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Storm Boy **1/2

There’s an earnest sweetness that works, but be prepared for heavy-handed environmental and anti-hunting messages.  

Is it worth $10? Yes 

In “Storm Boy,” the message overwhelms the story. Ostensibly the tale of a boy and the pelican he raises from its infancy, the film plays more like a polemic exposing the evils of hunting and environmentally harmful corporate greed. Throw in themes of poverty, single parenting, and lost loved ones and you have a lot more going on – probably too much, actually – than the simple story of a boy and his pelican.  

Based on the 1963 novella by Colin Thiele and directed by Shawn Seet, the story balances the present with the 1950s. In the present is Michael (Geoffrey Rush), a retired corporate tycoon whose son-in-law Malcolm (Erik Thomson) now runs the business. Michael’s granddaughter Maddie (Morgana Davies) is outraged that the business’ latest policy will destroy vast swaths of land, and implores her grandfather to vote against it at a board of directors meeting. All the while, Michael is having visions, blurred memories of his childhood that prompt him to question what he’s doing.



Flashbacks to Michael’s childhood (played as a youngster by newcomer Finn Little) lend context and perspective. He’s a sweet boy being raised on the Australian coast by his single father (Jai Courtney), a fisherman who loves him dearly but is limited in what he can offer his son. One day Michael befriends an Aboriginal named Fingerbone Bill (Trevor Jamieson), and they discover three infant pelicans. Michael kindly nurses and names them: Mr. Proud, Mr. Ponder, and his clear favorite, Mr. Percival. Michael trains them to hunt on their own and fly, which pleases his father, who can’t afford to keep feeding each of the birds 10 pounds of fish every day. Danger abounds in the form of hunters.

As Michael grows closer with Percival, Seet’s film takes on an earnest sweetness. Michael is a kind and compassionate ten year-old, an innocent learning about the harsh realities of life whether he likes it or not. He’s not annoying, whiney or needy, as many kids in movies are. He takes full responsibility for the pelicans, and never demurs. The stoic and logical older Michael is similarly levelheaded. Rush’s performance is measured to show a quiet strength; Michael is clearly still affected by the events of his childhood, and heretofore hasn’t come to terms with how they’ve shaped who he is today. What’s more, it’s the events that he recalls for Maddie that empower his actions toward the end of the film, and to Seet’s credit, none of it feels forced or hokey.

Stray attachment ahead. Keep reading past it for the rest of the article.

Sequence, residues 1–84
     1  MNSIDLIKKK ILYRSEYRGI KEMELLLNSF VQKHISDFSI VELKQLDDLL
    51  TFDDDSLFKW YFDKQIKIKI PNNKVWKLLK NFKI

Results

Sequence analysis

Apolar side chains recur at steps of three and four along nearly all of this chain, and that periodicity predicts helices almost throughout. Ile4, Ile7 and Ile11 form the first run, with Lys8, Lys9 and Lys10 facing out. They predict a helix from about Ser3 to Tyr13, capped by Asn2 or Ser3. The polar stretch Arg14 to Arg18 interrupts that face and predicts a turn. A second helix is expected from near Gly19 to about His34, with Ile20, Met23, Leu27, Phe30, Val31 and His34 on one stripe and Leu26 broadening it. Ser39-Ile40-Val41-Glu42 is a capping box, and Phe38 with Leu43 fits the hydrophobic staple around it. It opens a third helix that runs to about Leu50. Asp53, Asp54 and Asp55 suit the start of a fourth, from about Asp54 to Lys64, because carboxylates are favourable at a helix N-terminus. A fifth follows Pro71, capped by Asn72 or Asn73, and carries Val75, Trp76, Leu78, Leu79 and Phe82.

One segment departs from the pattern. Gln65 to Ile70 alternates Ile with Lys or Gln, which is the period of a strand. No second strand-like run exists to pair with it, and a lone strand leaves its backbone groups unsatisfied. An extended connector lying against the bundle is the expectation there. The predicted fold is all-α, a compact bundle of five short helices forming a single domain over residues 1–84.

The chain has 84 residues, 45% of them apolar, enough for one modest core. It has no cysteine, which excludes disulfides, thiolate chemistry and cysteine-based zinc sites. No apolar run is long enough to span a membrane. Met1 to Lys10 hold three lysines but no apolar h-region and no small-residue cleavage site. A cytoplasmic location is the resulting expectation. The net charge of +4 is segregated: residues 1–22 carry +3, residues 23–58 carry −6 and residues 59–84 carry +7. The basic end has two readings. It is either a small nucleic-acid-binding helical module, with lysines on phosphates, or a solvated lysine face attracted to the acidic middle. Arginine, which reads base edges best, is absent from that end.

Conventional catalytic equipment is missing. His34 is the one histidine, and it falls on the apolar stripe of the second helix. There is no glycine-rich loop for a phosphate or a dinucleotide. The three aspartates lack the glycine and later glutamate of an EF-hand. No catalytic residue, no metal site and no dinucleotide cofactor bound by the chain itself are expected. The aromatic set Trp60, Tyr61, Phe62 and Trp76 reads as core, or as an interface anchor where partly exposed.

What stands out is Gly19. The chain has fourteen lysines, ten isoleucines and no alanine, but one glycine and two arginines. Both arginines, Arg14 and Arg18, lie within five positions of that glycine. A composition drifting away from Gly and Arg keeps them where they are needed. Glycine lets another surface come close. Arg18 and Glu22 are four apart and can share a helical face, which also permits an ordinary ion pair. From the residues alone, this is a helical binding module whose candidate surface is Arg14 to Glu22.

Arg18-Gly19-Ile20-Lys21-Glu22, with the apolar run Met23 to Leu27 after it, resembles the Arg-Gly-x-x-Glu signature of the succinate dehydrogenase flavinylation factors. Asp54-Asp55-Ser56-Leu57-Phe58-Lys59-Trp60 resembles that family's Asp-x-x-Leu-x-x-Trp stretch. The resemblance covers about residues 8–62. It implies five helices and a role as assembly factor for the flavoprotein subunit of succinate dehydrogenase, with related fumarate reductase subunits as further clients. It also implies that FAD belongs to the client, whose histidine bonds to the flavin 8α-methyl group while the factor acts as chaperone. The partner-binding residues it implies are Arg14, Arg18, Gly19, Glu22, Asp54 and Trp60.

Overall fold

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In fact, the only thing that does feel forced are the overwhelming pleas for environmental protection and to stop hunting. Regardless of whether you agree with these messages, they are distracting to the point of annoyance. Worse, they take away from the gentility of the story in “Storm Boy,” an otherwise wholesome, PG-rated tale that is worthy of finding an audience.

Did you know?
The original “Storm Boy” (1976) won Best Film from the Australian Film Institute, and was one of 50 films selected for preservation by the National Film and Sound Archive of Australia. It’s available on DVD and Blu-Ray, and can be streamed by Amazon Prime members.